So, it is better to go the whole way, and enhance the combat capabilities of the Afghan Army, Air Force, and any other service that increases security of the common people. India has forgotten that Iran and Afghanistan were its neighbours until 14 Aug 1947. That relationship should never be belittled. Training is not enough when India should in fact be sharing military hardware, including tanks, combat helicopters and aircraft. Afghan forces are fighting with their hands tied, and India must help untie them. Timidity in security policy never pays.
There is no change in what the US says it wants India to do in Afghanistan, except in tone
Senior Fellow and Associate Director, Center for International Cooperation, New York University
I have no idea what the US expects India to do in Afghanistan. The Obama and Bush administrations both supported Indian involvement in Afghanistan, especially in economic development. As far as I know, there is no change. The only change is in tone. When the previous administrations supported Indian involvement in Afghanistan, they would often add that such involvement did not constitute any threat to Pakistan. In his speech on the new strategy, however, Trump linked Indian involvement in Afghanistan to pressure on Pakistan. I would say that such statements encourage Pakistan to view Indian efforts in Afghanistan as threats, except that the Pakistan security establishment does not seem to need any encouragement to entertain such misconceptions. Nonetheless, it is not helpful.
I hope that the U.S. will encourage both India and China to aid Afghanistan and to cooperate in doing so, despite their differences on other matters. That would send a strong message to everyone in the region that the entire international community is united in favor of assisting the Afghan state to achieve peace, eliminate terrorism, and stabilize the country.
Any major foray in security assistance or a security role in Afghanistan could be counter-productive
Arun K. Singh
Former ambassador to the United States
When the Taliban fled Kabul on 13 November 2001, India quickly re-established its diplomatic presence in Afghanistan, and examined how best it could contribute to stabilization in the post- Taliban Afghanistan.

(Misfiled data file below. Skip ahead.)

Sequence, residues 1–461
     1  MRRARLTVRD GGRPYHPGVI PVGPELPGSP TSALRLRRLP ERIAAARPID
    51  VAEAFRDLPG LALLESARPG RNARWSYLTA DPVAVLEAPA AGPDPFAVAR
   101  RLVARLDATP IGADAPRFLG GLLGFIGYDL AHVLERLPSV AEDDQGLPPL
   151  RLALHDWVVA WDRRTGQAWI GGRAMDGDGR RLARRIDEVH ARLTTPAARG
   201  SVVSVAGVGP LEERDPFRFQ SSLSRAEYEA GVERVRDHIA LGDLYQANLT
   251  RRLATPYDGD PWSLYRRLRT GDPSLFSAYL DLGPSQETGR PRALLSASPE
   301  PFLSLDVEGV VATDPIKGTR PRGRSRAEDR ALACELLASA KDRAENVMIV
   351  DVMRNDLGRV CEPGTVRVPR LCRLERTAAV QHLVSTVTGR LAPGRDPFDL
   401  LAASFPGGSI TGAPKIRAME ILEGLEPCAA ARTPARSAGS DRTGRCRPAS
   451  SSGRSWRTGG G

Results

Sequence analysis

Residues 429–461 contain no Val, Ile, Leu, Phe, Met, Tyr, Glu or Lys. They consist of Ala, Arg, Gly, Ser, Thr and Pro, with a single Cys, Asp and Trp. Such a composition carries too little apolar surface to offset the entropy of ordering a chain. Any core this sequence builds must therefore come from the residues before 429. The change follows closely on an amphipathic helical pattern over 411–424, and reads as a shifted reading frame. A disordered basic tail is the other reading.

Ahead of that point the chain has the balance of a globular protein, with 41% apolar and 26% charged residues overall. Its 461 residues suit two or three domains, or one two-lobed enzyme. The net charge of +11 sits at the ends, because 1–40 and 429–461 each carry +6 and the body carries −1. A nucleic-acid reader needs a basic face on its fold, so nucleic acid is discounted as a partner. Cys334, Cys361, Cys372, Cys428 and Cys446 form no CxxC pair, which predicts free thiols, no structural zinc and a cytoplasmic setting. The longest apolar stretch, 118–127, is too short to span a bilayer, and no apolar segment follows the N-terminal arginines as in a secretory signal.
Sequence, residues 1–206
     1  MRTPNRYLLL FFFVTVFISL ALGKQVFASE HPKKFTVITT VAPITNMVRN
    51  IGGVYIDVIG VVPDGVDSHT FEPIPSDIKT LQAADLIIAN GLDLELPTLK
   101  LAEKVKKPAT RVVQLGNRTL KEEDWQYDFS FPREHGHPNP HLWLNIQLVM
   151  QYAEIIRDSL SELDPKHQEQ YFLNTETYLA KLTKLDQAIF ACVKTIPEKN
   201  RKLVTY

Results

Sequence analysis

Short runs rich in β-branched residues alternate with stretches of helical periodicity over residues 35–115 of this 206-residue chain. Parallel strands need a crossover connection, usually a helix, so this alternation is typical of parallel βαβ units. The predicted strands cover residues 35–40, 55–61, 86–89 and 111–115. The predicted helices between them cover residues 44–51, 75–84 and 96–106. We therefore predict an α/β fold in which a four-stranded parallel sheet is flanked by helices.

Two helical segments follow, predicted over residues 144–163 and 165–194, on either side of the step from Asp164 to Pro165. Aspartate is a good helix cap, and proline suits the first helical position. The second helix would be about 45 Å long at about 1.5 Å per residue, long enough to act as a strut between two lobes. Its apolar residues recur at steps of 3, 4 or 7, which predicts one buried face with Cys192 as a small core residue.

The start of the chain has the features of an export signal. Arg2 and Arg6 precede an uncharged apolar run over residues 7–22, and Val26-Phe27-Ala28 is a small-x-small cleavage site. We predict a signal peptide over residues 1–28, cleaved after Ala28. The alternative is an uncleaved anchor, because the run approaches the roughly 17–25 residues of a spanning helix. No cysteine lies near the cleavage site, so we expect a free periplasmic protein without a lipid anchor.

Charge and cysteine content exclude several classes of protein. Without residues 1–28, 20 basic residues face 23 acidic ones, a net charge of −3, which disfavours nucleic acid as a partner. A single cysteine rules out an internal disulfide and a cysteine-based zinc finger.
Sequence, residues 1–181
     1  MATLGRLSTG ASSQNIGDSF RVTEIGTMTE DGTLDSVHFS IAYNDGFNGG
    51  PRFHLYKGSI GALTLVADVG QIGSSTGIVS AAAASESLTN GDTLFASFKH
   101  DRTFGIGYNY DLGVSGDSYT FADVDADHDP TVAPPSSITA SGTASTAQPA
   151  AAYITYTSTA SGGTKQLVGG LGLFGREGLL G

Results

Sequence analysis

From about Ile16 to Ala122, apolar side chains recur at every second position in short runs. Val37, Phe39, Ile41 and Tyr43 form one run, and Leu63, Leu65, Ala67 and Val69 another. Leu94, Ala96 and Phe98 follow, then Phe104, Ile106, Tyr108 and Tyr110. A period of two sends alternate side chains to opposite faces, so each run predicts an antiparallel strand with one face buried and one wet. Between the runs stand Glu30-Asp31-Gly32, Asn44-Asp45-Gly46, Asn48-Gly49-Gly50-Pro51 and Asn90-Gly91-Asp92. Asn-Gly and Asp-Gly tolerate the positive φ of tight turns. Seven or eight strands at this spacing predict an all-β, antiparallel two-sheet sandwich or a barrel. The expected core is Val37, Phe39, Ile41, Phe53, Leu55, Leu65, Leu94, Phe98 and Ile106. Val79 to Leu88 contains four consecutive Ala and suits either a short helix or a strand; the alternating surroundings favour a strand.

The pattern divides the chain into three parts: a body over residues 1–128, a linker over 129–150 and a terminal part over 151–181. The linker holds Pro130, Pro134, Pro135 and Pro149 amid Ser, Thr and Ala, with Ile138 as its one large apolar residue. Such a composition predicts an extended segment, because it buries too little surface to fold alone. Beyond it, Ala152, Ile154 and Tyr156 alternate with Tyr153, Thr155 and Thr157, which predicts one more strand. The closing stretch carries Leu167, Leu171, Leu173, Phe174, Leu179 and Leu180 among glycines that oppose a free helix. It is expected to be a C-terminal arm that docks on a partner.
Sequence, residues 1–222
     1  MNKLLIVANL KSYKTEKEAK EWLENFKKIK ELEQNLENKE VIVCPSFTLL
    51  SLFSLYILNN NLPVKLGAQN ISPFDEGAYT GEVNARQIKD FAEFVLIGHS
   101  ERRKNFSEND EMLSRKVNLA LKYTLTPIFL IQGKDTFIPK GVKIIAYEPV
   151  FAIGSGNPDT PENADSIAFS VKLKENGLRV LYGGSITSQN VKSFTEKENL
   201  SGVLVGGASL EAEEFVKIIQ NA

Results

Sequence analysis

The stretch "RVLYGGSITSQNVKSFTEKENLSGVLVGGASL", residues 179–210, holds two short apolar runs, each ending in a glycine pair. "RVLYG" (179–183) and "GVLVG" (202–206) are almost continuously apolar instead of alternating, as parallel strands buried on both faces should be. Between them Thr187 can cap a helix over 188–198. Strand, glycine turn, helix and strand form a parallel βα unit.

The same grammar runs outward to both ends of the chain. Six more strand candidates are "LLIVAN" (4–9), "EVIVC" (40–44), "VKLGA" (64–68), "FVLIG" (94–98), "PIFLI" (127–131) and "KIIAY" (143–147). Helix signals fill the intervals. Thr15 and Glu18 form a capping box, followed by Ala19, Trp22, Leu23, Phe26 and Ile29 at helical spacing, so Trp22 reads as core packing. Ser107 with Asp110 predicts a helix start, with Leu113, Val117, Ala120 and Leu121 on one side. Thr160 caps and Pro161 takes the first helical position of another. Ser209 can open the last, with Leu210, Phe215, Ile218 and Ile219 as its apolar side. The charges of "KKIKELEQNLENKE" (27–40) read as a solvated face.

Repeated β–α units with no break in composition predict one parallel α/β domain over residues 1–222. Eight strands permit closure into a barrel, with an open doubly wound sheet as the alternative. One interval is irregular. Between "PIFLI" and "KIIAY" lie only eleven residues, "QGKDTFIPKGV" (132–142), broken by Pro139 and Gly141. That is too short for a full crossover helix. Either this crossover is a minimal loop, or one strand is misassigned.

A conscious decision was then taken to focus on economic assistance and capacity building — severely needed in a country devastated by more than 20 years of conflict, displacement of population, destruction of infrastructure and disruption of governance and economic activity. Reviving the economy would facilitate return of refugees and contribute to increased security. It was the least controversial role India could play, since no one could legitimately cite any security concerns from enhanced economic assistance. Such support would also enable India to gain goodwill among the Afghan government and people.
The $2 billion of assistance so far provided by India has contributed to transportation and energy infrastructure, hydroelectric and irrigation projects, rebuilding of schools and hospitals, midday meals for back-to-school programs, community development projects, training of personnel, scholarships for youth. It has been assessed to be among the most effective of assistance programs. Today, India is seen as an empathetic friend by the Afghan people.
Based on its competitive advantage and experience gained, India should look at doing more of such assistance.
Drawing down of international presence has caused economic contraction. Any major foray in security assistance or a security role could be counter-productive. Landlocked Afghanistan is not easy to access for providing security support. Pakistan would ratchet up its support to Taliban and Haqqani network citing India’s presence. Others would be inclined to view it as an India-Pakistan issue rather than Afghanistan’s valid quest for sovereignty and independence. US and NATO/ ISAF provision of security complicates their relationship with Pakistan as it continues to interfere in Afghanistan. This is to India’s advantage.